An early indication of Biden’s real approach to the environment can be seen in the names put forward for roles in his administration. One of his first appointments was Cedric Richmond, a congressman from Louisiana who will now become a senior advisor to the president and lead the White House Office of Public Engagement. His responsibilities will include advancing Biden’s climate change policies. The pick has been criticised and called a betrayal by climate activists due to Richmond’s history of large campaign donations from fossil fuel sources and his perceived closeness to the industry. The congressman has also come under fire from his own constituents for failing to engage with them or take action over the issue of air pollution – his district covers seven of the ten most polluted areas in the US.
Also indicative is the appointment of former Secretary of State John Kerry as special envoy for climate. Kerry’s approach to tackling climate change centres on the failed policy of carbon-pricing, creating a market price for pollution. This big-business-friendly approach was the sole focus of an opinion piece he wrote for The Hill since Biden’s election victory, entitled How To Better Tackle Climate Change. There was no mention of a green new deal or of how the new administration would drive a shift to renewable energy. In fact Kerry has a record of supporting a short term expansion of US fossil fuel extraction under Barack Obama’s administration. Overall US oil and gas production grew by 88% during Obama’s eight year tenure in the White House, with Biden as vice president.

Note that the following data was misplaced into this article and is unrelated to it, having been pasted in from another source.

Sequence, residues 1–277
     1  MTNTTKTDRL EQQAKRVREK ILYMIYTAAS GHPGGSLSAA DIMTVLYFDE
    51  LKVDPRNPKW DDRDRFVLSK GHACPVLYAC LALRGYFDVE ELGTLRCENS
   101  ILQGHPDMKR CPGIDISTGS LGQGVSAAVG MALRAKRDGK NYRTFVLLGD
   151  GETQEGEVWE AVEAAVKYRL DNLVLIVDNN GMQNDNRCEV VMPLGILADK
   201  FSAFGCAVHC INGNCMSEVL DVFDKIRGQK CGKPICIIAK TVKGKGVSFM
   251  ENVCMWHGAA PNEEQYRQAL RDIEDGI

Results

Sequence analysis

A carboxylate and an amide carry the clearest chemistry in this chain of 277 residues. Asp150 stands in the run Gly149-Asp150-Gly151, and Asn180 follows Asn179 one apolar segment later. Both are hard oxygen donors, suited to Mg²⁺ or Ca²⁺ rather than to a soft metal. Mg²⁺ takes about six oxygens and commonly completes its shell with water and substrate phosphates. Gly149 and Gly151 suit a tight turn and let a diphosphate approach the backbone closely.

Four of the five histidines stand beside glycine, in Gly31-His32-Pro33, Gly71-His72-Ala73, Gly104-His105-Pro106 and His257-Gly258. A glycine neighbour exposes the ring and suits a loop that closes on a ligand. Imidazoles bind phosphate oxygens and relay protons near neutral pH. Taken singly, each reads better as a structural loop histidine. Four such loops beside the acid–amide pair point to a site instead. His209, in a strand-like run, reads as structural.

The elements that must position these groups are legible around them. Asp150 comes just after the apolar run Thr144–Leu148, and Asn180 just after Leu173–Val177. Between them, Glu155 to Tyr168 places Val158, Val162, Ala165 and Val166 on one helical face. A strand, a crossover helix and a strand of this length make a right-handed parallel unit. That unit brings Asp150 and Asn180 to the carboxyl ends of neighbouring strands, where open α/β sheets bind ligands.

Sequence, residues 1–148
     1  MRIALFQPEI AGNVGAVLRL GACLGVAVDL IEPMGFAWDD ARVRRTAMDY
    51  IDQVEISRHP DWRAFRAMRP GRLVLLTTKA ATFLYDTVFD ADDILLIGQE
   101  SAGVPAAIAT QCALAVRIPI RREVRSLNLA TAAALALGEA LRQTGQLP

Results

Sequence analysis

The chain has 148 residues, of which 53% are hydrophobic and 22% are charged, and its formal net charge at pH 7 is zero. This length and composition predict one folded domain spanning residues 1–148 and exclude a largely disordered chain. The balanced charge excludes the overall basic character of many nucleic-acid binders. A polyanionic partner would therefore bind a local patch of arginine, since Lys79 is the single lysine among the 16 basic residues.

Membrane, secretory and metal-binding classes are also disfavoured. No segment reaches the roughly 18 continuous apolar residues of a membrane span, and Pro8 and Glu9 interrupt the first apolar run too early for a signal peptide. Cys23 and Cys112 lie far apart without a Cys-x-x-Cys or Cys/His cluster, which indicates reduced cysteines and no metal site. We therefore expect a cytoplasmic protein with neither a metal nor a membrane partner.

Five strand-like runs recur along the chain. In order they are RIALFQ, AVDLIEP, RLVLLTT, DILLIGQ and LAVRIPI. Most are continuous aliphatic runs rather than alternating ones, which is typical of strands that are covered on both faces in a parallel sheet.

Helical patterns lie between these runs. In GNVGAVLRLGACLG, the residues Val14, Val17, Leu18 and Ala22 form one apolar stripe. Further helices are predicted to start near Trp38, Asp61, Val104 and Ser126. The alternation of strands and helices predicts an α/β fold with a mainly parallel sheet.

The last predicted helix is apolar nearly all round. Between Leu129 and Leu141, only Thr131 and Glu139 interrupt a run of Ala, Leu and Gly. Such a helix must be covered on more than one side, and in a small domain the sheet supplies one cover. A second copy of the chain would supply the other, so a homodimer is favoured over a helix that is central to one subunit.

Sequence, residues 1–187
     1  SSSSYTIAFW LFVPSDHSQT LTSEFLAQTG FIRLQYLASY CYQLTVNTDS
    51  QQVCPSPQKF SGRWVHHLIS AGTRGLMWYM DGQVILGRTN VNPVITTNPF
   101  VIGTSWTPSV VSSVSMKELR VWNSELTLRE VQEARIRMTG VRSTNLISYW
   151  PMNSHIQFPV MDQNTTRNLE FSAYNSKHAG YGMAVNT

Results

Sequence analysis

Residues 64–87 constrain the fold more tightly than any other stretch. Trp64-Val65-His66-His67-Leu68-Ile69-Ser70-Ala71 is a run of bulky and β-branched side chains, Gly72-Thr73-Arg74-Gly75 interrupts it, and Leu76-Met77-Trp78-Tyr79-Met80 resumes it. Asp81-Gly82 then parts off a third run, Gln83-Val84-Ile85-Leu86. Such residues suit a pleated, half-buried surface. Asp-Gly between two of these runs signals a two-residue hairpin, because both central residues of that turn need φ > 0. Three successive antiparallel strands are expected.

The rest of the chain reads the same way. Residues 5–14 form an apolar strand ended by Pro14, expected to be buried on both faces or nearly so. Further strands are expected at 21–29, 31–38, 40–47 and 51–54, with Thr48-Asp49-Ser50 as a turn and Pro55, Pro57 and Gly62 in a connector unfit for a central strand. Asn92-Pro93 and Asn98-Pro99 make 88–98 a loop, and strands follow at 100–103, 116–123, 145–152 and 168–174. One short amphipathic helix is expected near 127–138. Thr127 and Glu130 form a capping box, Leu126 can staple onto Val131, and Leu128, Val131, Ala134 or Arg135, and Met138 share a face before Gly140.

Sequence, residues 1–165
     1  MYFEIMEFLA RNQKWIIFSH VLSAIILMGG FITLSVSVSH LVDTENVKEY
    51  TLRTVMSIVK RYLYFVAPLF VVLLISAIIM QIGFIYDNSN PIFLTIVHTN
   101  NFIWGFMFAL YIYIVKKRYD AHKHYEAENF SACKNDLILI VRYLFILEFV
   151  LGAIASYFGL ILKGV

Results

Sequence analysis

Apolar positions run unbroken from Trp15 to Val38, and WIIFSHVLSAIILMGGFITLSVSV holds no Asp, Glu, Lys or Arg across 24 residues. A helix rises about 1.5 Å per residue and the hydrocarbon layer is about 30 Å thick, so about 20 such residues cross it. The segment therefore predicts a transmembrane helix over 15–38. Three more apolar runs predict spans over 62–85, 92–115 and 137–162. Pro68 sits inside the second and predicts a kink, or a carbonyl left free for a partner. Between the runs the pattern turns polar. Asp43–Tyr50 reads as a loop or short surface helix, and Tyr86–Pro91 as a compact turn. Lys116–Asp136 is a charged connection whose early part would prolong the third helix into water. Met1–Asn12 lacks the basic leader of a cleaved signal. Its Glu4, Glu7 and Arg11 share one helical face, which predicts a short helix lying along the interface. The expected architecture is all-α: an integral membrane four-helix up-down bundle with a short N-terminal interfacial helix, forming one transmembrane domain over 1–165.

Biden promised to return the US to the Paris Agreement on his first day in office. This is the international treaty on climate change agreed in 2015. Reversing Trump’s withdrawal from the agreement signals a marked change in the mood music coming from the new administration. However, it falls well short of what will be necessary to avoid the worst effects of climate change.
The agreement aims to keep global warming to a minimum of a 2 degree Celsius rise above pre-industrial levels. Unfortunately, according to the United Nations Intergovernmental Panel on Climate Change (IPCC), even if every commitment made under the Paris Agreement is met then global warming would still reach three degrees, with devastating consequences. Moreover, not a single industrialised country is even on track to meet its commitments. Since the Paris Agreement was first signed it has been discovered that it is not only its implementation that is failing, even its ambition was insufficient. A landmark piece of scientific research published by the IPCC in 2018 shows that we must now be aiming at a maximum rise of 1.5 degrees. Achieving this would require greenhouse gas emissions by 2030 to be around half those pledged under the Paris Agreement. It would also require net zero emissions to be reached before the 2050 deadline pledged by Biden. Returning to the Paris Agreement is a step in the right direction but it does not show that the new US government is going to take the action needed.